Facebook is an important platform for patient engagement and professional networking among medical professionals.
But with the numerous changes that have taken place this year, healthcare marketers have had to think of creative ways to add interest to their Timeline. Highlighting their brand’s key events, milestones, activities and patient stories in a valuable, entertaining and engaging way hasn’t been easy and along the way some noteable mistakes have been made.
There were some common mistakes made by medical brands on Facebook in 2012
Here are six common Facebook mistakes that medical brands made in 2012:
#1. Boring Content
Too many medical and healthcare brands were guilty of over-posting articles and links to articles. Facebook is the most ‘social’ platform of all and people want to see, read, and share interesting stuff. Articles are boring and are rarely shared on Facebook. A better way to engage fans on your page is to share pictures instead.
#2. Tumble Weed Pages
There’s nothing worse than having a dead Facebook page. Many medical pages on Facebook were guilty of serious neglect with latest posts dating back weeks or even months ago. Posting infrequently kills your Edgerank (the system that controls content visibility on your network’s News Feed).
The way to improve visibility on Facebook is to keep your page alive by frequently sharing stories that are interesting to your fans. Here’s an example of a hospital page that knows what they’re doing.
#3. No Vanity URL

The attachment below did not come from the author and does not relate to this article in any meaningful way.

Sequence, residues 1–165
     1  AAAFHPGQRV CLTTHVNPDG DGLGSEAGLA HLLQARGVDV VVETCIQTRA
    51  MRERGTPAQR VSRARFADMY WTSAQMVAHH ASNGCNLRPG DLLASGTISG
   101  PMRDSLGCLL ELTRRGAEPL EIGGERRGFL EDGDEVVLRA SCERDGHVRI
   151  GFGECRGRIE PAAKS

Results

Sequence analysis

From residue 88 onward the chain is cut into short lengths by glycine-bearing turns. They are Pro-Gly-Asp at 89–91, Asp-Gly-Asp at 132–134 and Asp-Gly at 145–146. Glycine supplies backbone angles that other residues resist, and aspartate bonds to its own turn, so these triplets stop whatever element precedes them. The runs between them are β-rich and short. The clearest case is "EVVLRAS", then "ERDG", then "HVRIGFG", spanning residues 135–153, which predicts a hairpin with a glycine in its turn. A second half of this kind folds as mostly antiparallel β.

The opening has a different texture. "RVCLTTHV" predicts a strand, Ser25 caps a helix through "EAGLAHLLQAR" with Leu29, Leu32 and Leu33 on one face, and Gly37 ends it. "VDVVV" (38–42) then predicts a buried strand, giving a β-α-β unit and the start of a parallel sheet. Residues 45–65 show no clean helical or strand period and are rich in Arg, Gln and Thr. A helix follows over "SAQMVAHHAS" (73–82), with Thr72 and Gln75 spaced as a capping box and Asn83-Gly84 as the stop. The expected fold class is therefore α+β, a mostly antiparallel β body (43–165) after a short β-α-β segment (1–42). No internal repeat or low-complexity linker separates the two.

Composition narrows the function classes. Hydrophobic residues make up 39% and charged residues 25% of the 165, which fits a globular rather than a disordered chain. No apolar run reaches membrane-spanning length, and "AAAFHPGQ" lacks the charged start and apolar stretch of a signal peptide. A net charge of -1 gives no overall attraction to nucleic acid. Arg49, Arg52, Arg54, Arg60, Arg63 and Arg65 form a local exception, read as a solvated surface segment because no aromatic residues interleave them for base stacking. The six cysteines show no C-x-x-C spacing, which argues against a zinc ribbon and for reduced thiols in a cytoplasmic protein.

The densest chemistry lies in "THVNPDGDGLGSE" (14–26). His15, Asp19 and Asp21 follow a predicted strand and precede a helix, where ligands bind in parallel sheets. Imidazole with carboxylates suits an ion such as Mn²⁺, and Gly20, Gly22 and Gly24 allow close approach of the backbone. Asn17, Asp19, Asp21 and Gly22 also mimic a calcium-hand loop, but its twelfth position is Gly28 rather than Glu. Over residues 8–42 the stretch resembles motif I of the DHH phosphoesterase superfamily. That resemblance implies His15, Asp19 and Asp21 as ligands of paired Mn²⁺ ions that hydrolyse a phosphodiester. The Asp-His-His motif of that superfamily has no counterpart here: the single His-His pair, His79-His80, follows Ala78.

A lot of medical pages still did not have a vanity URL (username) and are using the same old default URL given by Facebook when they first signed up. This looks tacky and unprofessional.
Remember that once you have 25 fans you are able to claim a dedicated username for your page. This comes in handy when you’re directing people to your Facebook page from other sources. You don’t want them to type in a URL that’s long and awkward and looks more like your bank’s routing number. If you need help changing your URL here’s how to do it.
#4. No images
People on Facebook love pictures and visual content remains the number one way to engage with your network. Medical brands seem to be struggling with this principle. Without pictures fewer people will ‘Like’ your page or share your content.
Have a photographer (or staff member) walk around your facility and take interesting pictures such as physicians in their ‘native’ environment, staff members during coffee break, special events, dinners, award-ceremonies, conferences and so on.
#5. Not using Facebook features and apps
Healthcare brands were still lagging behind in their use of custom tabs for highlighting interesting content. With Timeline we no longer have a default landing page but you can still draw attention to your free resources, YouTube videos or other great content by using the (four) custom tabs underneath the header image (or cover photo). Custom tabs are fun and easy to create – here is a wonderful guide to get you started.
#6. No personality
Medical and healthcare pages were notorious for being dull and faceless. Just because you have to be careful about what you say on Facebook doesn’t mean that you shouldn’t show some personality and excitement about what you do.
Once in a while ask your fans short, entertaining questions to keep them engaged. Feature your ‘Fan of the week’ every Friday, or share compelling quotes and words of encouragement for those who are sick or hurting. Nurture your Facebook community by educating them and sharing ‘human interest’ stories while still maintaining your humor, lightheartedness, and sense of empathy.
Over to you: Are you guilty of making some of these mistakes? Share in the box below what lessons you have learned.
Yvonne Barber is the Wordsmith & Content Marketeer for Design Theory, a Florida-based web design firm that provides social media management, email, domain registration, and graphic design services. Aside from writing content for client websites, brochures, and all marketing communications Yvonne blogs weekly for Design Theory on various subjects and across several social media channels.